The Commission said it will examine whether transfer pricing arrangements validated by authorities in Ireland, the Netherlands and Luxembourg involve state aid to the benefit of the beneficiary companies.

In relation to Apple, the Commission will investigate individual rulings issued by Irish tax authorities on the calculation of the taxable profit allocated to the Irish branches of Apple Sales International and of Apple Operations Europe.

In relation to Starbucks, it will examine the individual ruling issued by the Dutch tax authorities on the calculation of the taxable basis in the Netherlands for manufacturing activities of Starbucks Manufacturing.

In relation to Fiat Finance and Trade, the Commission will scrutinise the individual ruling issued by Luxembourg's tax authorities on the calculation of the taxable basis in Luxembourg for the financing activities of the company.

The Commission statement said: "The Commission has reviewed the calculations used to set the taxable basis in those rulings and, based on a preliminary analysis, has concerns that they could underestimate the taxable profit and thereby grant an advantage to the respective companies by allowing them to pay less tax. The Commission notes that the three rulings concern only arrangements about the taxable basis. They do not relate to the applicable tax rate itself."

The Commission said: "Selective tax advantages may amount to state aid. The Commission does not call into question the general tax regimes of the three member states concerned."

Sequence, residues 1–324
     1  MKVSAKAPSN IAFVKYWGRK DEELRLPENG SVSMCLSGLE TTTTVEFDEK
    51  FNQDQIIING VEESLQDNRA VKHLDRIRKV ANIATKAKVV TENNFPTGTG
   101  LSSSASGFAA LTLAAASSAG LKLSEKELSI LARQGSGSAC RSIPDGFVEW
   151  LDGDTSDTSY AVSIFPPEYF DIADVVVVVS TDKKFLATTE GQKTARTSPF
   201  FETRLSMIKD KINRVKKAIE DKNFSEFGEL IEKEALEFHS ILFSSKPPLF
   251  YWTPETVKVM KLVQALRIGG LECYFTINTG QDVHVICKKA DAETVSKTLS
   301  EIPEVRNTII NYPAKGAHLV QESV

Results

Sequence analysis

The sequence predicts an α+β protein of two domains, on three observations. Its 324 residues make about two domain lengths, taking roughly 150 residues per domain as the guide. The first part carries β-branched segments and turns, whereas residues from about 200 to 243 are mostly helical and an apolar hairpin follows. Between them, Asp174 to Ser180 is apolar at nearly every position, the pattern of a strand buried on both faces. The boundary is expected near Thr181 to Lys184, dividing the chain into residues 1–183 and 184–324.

European Commission vice president in charge of competition policy Joaquín Almunia said: "In the current context of tight public budgets, it is particularly important that large multinationals pay their fair share of taxes. Under the EU's state aid rules, national authorities can not take measures allowing certain companies to pay less tax than they should if the tax rules of the member state were applied in a fair and non-discriminatory way."

EU commissioner for taxation, Algirdas Šemeta, said: "Fair tax competition is essential for the integrity of the (European) single market, for the fiscal sustainability of our member states, and for a level playing field between our businesses. Our social and economic model relies on it, so we must do all we can to defend it."

The Commission pointed out that interested third parties are able to submit comments in relation to the investigation. 

According to the Financial Times, both Ireland and the Netherlands said they were confident that there had been no breach in state aid rules.  

“Ireland is confident that there is no state aid rule breach in this case and we will defend all aspects vigorously,” said a statement by Ireland's Department of Finance. “We will now turn to providing our detailed, technical legal rebuttal to the commission’s position and if necessary will defend our position in the European courts.”

Apple also said it had not received a special exemption, according to the Financial Times. It said: “Apple pays every euro of every tax that we owe. Since the iPhone launched in 2007, our taxes in Ireland have increased tenfold.”

Starbucks said in a statement: “We comply with all relevant tax rules, laws, and Organisation for Economic Co-operation and Development guidelines and we’re studying the commission’s announcement related to the state aid investigation in the Netherlands," reported the Financial Times.

The commission also launched “infringement proceedings” against Luxembourg on Wednesday, complaining that the Grand Duchy had provided a “limited sample” of the documents required for its tax investigations", said the newspaper.